Working as an intern can be a great way to gain industry experience and bridge the one-to-three years of experience gap that’s now often a requirement for “entry-level” positions.
The trouble with internships, however, is the lack of standardization of the term, which can lead to some serious muddy area for those Finding to gain footing in their career. And unfortunately, there are companies out there who are taking advantage of inexperienced job Finders by providing “internship” positions that are exploitative and illegal.
I’ve been on the good end and the bad end of the internship stick. On the good end, I was paid above minimum wage, worked only within my contracted hours, and provided with a great industry education. On the bad end, I was unpaid, overworked, received little relevant industry experience and no letter of reference.
How did I let myself end up in such a bad employment situation? All I can chalk it up to was that my job hunting desperation clouded my judgment and caused me to make a rash, ill-informed decision, and I trusted that the position my employer was offering was in line with the law.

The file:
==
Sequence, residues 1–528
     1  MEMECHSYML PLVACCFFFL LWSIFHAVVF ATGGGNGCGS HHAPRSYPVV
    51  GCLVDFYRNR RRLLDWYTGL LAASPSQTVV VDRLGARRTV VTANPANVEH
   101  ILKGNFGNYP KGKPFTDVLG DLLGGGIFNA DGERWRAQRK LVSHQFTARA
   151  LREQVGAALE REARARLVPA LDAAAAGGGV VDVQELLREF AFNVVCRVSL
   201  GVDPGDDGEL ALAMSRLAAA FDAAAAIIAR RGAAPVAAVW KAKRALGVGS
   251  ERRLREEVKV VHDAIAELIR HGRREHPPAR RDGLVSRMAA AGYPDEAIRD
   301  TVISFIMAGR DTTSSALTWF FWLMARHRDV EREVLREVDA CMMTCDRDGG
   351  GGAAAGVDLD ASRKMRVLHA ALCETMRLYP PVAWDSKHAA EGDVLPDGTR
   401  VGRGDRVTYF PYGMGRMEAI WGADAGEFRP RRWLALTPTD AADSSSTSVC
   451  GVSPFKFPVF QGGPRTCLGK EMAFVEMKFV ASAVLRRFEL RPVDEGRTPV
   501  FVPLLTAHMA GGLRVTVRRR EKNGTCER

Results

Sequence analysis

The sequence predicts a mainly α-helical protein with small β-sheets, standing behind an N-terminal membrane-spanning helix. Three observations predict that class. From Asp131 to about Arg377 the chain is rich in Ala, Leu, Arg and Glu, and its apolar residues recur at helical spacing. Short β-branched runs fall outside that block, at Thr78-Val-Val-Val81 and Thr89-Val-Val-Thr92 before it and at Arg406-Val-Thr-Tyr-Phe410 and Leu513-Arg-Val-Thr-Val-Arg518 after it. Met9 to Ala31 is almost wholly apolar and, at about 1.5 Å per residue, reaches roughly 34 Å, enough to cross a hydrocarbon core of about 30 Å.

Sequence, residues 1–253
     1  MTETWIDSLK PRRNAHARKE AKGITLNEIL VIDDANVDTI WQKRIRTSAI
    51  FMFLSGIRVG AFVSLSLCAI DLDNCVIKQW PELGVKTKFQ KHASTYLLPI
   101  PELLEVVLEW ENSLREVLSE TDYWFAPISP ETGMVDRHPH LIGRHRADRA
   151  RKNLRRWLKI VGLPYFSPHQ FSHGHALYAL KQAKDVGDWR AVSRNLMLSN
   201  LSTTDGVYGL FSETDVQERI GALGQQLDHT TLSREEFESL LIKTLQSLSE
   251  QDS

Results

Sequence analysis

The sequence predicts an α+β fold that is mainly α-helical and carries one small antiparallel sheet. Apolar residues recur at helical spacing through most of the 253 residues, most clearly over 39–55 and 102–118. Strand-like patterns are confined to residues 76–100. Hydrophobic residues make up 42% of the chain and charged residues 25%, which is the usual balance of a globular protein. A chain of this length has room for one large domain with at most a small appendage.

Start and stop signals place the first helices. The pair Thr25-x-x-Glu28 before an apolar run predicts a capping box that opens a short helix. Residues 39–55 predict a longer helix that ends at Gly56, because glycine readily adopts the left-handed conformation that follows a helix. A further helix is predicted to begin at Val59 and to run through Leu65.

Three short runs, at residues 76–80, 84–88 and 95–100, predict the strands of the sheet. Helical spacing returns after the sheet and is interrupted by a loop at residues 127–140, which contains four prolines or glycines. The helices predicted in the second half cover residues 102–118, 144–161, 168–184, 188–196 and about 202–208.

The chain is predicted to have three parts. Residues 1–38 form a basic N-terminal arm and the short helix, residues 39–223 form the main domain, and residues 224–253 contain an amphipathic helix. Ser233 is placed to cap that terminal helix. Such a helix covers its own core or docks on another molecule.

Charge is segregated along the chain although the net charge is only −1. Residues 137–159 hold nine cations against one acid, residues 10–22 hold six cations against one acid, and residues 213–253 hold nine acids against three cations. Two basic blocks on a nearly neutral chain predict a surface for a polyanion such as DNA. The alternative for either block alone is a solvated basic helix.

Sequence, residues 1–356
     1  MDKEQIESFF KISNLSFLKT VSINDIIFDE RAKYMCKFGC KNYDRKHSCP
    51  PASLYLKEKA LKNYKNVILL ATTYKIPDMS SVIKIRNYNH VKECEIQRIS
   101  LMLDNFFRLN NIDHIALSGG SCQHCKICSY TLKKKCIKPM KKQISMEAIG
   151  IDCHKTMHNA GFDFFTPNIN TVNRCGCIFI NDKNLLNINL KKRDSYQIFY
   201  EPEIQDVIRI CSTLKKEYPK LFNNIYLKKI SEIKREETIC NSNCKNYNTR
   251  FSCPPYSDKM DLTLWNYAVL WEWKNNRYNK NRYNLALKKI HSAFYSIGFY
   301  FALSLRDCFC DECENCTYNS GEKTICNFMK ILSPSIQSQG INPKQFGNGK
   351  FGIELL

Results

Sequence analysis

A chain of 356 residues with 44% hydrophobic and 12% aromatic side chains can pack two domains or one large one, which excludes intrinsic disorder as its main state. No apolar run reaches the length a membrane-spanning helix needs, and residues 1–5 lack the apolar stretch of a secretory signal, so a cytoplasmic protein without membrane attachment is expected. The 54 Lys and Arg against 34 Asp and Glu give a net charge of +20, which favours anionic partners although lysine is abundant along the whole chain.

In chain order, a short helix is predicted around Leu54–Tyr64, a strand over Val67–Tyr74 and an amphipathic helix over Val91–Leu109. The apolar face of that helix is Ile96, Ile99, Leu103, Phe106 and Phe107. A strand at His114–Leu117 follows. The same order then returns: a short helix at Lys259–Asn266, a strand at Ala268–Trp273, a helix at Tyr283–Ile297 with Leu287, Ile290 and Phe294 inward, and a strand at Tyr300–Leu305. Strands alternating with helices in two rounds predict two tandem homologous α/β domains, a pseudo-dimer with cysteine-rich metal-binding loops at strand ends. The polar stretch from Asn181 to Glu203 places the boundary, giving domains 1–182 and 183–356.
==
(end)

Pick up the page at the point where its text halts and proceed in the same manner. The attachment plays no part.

According to Claire Seaborn, qualified lawyer in Ontario and founder of the Canadian Intern Association, that burden should be on the employer: “The employer should know that the program they’re running is legal,” she says.
And yet, I still wound up accepting a role at a company that capitalized on my lack of experience, simply because I was misguided as to what the term “intern” entailed.
What exactly should I have considered when seeking an internship? How could I have avoided this situation? Ms. Seaborn recommended a few tips for getting informed and protecting yourself.
Fortunately, there are some excellent organizations out there that provide students and recent grads with internship opportunities that are both educational and lucrative. Unfortunately, the cloudiness surrounding the term “intern” can make these opportunities more difficult to find.
Launching your career isn’t always a straight trajectory, but having the right information up your sleeve can help protect you from landing in a potentially harmful situation.
After all, you wouldn’t build a bridge without a blueprint, right?